Jūni Taisen: Zodiac War
Episode 11

by James Beckett,

How would you rate episode 11 of
Juni Taisen: Zodiac War ?

This week, for just a few minutes, Juni Taisen finally delivered on the heightened insanity it's been promising and failing to deliver for weeks now. Rabbit, having somehow used his necromancy to possess the disparate chunks of his own corpse has become a shambling monstrosity, quickly bearing down on Ox. The soldier does his best to fend the abomination off, and the reliance on CG animation actually helps make this battle feel more kinetic. Then, in a gambit that even the genius Ox failed to predict, the possessed body of Monkey jumps out of Rabbit's mangled form to subdue the proud warrior, effectively dooming him. To reiterate, Episode 11 of Juni Taisen: Zodiac War gave us a scene where a man dressed as both a bullfighter and a bull did battle with the self-possessed carcass of a gender-bent Playboy Bunny from Hell, only to have another zombie explode out from the first zombie's insides. It's the single most entertaining thing this show has produced and almost makes up for all of the other frustrating decisions that have been bringing this series down.

Of course, the rest of the episode deflates the excitement of this scene with its lame script, but that's just par for the course at this point. While those five minutes of battle are indeed glorious, they're sandwiched between another ten minutes of Ox's incessant narration, where he describes his thoughts and what's happening on screen in excruciating detail. I can only imagine that this chapter was told from Ox's perspective in the book, and therefore all of the action had to be communicated via narration. This makes sense, but just slapping all that endless pontificating up on the screen demonstrates that the prose of a compelling read doesn't necessarily translate to compelling television. Watching a soldier be slowly overtaken by a nightmarish zombie monster is a lot less exciting when accompanied by his constant monotone breakdown of his opponent's battle strategy. It takes away from the sense of urgency the character feels in the moment, and it denies the art, sound design, and music the room they need to actually create a strong atmosphere.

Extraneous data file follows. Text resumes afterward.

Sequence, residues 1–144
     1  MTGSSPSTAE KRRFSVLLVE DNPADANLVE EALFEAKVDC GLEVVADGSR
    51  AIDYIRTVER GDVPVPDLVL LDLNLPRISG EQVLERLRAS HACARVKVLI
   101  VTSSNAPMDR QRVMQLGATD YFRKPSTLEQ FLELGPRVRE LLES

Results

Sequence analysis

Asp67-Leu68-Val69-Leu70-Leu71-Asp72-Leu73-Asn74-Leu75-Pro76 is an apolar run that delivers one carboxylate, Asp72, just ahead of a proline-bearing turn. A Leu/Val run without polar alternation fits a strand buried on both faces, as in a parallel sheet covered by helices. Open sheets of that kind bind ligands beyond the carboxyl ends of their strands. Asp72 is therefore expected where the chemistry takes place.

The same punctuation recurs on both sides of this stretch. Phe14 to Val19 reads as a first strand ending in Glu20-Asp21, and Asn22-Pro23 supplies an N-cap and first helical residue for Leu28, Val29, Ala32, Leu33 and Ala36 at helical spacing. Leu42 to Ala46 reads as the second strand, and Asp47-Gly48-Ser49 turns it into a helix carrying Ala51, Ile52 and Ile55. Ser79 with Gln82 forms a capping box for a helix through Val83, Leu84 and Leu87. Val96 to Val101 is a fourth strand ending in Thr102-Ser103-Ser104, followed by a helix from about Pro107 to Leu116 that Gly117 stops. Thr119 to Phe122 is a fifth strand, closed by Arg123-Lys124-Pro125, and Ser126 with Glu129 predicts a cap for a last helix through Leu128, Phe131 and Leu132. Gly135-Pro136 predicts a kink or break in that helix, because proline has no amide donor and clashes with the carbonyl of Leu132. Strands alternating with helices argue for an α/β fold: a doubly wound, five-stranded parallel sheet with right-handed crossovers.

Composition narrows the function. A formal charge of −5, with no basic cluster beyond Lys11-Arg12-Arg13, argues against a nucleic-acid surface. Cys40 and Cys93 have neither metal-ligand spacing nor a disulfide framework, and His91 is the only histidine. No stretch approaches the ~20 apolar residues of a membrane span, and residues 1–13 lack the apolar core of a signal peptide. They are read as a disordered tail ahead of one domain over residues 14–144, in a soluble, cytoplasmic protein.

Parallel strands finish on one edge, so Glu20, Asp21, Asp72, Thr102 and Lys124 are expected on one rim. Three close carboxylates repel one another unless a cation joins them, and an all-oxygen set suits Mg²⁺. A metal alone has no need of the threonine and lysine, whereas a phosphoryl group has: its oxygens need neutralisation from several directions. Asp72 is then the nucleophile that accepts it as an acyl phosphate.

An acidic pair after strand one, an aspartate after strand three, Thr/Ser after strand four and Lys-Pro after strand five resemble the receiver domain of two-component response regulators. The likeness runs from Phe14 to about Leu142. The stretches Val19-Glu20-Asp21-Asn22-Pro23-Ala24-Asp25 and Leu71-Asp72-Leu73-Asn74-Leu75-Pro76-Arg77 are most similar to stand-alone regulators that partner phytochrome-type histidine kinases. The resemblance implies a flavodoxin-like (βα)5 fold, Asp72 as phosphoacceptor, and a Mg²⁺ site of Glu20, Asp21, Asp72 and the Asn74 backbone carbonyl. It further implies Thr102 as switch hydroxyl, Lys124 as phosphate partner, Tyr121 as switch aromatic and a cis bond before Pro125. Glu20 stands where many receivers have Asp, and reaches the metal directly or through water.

The counter-argument to these criticisms would be that Juni Taisen has never really tried to be a battle-royale story, that NisiOisin and the anime's production crew simply used the stock genre format to whip up a cast of archetypes whose place in the tournament doesn't matter so much as their opportunity to spout vague philosophical musings about the cold apathy of war, the all-consuming machine of political conflict, the disregarded life of a soldier, et cetera. Unfortunately, Juni Taisen has never been very good at that either, because its cast feels like little more than props to be thrown around as part of the show's experimentation in storytelling.